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Fig. 2: An example of metamers generated by CIE Standard Illuminant D65 (black curve) and three narrow-band primaries whose CIE tristimulus values match. (Figure courtesy of Louis D. Silverstein.)

 

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Fig. 3: Lens optical density in the average 32-year-old eye, redrawn from Pokorny, et al.2

 

The personal filter endows each of us with a unique set of metamer-equivalence classes – what looks the same to you will look different to me. Color technology must produce colors that are seen by everyone, so it has ignored the personal filter in favor of a normative Standard Observer adopted by the CIE. The color of an object rendered on a display will exactly match a referent or off-screen object color only for the Standard Observer. In a well-designed display, the metameric differences between the referent colors and screen colors seen by each of us are generally no greater than the relative color shifts induced by changes in lighting, which viewers largely ignore.

The condition of contingent or metamer-based color matches is called "metamerism." Metameric matches are a fact of life and facilitate color technology because it is not necessary to make a spectral match to satisfy an observer. However, metameric matches are fragile in that they may be violated by vagaries such as a personal filter, external filters or lenses, and changes in illumination. Our objective is to avoid color matches – especially of two patches on the same screen – that succumb to the frailties of metamerism and break down because of such things as a personal color filter.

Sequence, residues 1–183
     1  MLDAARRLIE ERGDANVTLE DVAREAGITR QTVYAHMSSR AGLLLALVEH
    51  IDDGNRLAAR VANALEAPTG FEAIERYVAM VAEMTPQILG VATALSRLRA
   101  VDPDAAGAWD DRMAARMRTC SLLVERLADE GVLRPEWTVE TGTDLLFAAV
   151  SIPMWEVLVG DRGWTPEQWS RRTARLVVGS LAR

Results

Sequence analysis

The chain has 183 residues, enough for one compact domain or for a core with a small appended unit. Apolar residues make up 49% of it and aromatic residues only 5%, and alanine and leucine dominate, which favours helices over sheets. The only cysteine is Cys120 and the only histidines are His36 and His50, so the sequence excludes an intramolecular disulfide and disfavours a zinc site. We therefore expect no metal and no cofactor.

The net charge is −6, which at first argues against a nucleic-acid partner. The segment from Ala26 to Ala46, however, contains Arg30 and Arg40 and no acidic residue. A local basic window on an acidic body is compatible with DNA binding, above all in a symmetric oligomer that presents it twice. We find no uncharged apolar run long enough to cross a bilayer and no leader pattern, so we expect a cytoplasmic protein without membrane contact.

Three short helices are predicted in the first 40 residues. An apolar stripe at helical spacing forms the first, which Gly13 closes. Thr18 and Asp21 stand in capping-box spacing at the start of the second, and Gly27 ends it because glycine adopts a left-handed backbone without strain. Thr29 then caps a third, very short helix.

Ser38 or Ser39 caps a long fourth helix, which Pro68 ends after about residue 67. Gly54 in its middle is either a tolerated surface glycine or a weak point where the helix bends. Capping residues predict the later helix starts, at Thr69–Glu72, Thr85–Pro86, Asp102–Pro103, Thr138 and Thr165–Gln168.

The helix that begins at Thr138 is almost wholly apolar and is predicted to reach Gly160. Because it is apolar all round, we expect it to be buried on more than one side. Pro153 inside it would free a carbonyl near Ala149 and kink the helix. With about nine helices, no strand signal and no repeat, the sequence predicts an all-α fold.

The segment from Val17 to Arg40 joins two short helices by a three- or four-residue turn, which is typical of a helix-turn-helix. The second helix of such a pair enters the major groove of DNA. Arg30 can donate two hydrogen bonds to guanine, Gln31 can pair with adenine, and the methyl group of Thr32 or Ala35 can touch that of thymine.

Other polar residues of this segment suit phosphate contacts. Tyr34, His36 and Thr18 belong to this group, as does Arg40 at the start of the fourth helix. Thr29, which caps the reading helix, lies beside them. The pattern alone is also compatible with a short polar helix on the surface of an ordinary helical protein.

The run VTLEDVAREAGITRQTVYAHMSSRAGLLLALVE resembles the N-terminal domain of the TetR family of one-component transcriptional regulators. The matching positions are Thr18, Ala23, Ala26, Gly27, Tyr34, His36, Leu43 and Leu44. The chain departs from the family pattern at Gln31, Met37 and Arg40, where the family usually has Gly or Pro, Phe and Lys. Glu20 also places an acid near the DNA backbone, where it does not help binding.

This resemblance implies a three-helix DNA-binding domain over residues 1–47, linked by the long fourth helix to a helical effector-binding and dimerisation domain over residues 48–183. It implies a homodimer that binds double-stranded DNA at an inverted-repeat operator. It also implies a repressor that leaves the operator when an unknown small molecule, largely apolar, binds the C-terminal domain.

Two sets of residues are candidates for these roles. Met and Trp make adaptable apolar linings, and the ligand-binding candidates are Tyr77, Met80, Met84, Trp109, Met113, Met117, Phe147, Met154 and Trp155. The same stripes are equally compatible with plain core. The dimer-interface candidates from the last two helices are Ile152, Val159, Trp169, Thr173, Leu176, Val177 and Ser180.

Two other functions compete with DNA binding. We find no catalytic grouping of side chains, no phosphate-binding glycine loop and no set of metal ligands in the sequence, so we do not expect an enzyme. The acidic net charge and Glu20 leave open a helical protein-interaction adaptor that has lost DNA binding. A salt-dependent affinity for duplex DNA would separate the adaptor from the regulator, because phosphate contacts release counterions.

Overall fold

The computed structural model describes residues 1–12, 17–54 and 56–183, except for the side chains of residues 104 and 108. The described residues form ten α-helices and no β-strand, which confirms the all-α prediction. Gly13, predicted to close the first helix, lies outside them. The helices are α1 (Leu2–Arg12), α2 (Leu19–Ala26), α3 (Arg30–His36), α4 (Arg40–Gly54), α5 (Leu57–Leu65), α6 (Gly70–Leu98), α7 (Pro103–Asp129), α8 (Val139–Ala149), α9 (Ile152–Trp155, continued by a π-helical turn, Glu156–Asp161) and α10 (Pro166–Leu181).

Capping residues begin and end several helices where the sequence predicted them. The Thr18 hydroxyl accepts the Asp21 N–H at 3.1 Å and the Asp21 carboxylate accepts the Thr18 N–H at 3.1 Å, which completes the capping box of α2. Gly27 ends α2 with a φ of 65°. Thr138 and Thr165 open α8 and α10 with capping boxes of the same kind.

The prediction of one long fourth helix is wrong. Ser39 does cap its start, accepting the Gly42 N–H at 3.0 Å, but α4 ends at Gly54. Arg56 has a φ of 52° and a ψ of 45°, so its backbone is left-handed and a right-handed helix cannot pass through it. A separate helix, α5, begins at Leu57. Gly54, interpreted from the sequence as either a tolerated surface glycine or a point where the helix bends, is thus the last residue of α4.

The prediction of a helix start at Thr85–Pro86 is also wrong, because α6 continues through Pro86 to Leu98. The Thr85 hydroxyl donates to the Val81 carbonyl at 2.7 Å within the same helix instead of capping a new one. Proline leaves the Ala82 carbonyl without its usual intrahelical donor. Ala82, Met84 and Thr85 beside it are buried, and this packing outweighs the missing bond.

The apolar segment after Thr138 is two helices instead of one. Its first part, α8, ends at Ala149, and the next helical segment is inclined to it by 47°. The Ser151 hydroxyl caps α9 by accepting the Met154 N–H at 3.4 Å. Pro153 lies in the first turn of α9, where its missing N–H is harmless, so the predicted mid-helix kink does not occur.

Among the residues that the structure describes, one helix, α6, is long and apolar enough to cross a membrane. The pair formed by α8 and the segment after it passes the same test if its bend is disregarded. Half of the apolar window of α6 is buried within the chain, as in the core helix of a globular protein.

How Metamerism Affects Displays

When a three-primary display commands two pixels with the same control triad (pc = pd = 3), the pixels emit the same spectrum of light (i.e., the pixels are isomers). However, when more primaries are added (3 = pc < pd), the situation changes. A pd > 3 primary system and a pc = 3 control can work only if the control signal is up-sampled to command all pd of the display's primaries. The up-sampling rule is not unique. Less appreciated is that different control 3-tuples can yield non-isomeric screen colors. These will be metamers for some observers but not for others. We call this effect "on-screen metamerism," and it can result in a face that appears smoothly changing in flesh tones to one observer but changing from healthy pink to sickly bluish for another. A p> 3 system can cause colors of familiar objects to invert their relative hues for some observers and not for others. On-screen metamerism is best avoided.

On-screen metamerism is very different from what we call "off-screen metamerism," the color match of a screen color with the "original" color of what is presented on the screen. Unlike on-screen metamerism, off-screen metamerism is actually alleviated by using many primaries – or at least enough primaries to approximate a spectrum in the outside world. Increasing the number of primaries of a display allows the spectrum of a reproduced color to be closer and closer to its original and, hence, the two should filter identically to preserve an individual's color matches.

If the primaries are narrow band, more of them are needed to approximate a smooth and broadband spectrum typical of natural objects. The down side of broadband primaries is a smaller gamut of renderable colors. Genoa Color Systems presented a color-proofing system with six primaries as described at CIC143 and in the article by Eliav and Ben-Chorin in this issue. Genoa's system requires all six primaries to be commanded by a six-dimensional control vector; there is no on-screen metamerism and the off-screen match for the design goal lighting is also broadly maintained across observers. Off-screen metamerism is reduced by the broadband primaries – which together approximate the off-screen spectrum – but the color space available is constrained to low-chroma colors typical of printers.

Expanding the Contrast Range of the Display's Gamut

Extra primaries may be used to intensify colors and to increase the brightness and contrast of a display. Projection systems commonly increase white-to-black contrast ratios and improve tone transfer by adding a bright green, yellow, or white primary. Here, the primary and secondary colors must give up some luminance to allow rendering of more faithful highlights. This is rarely a problem with natural imagery but can impair a graphics display.

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Fig. 4: Chromaticity space of a four-primary display, showing the migration of the C primary from C1 to C2 when a filter is introduced.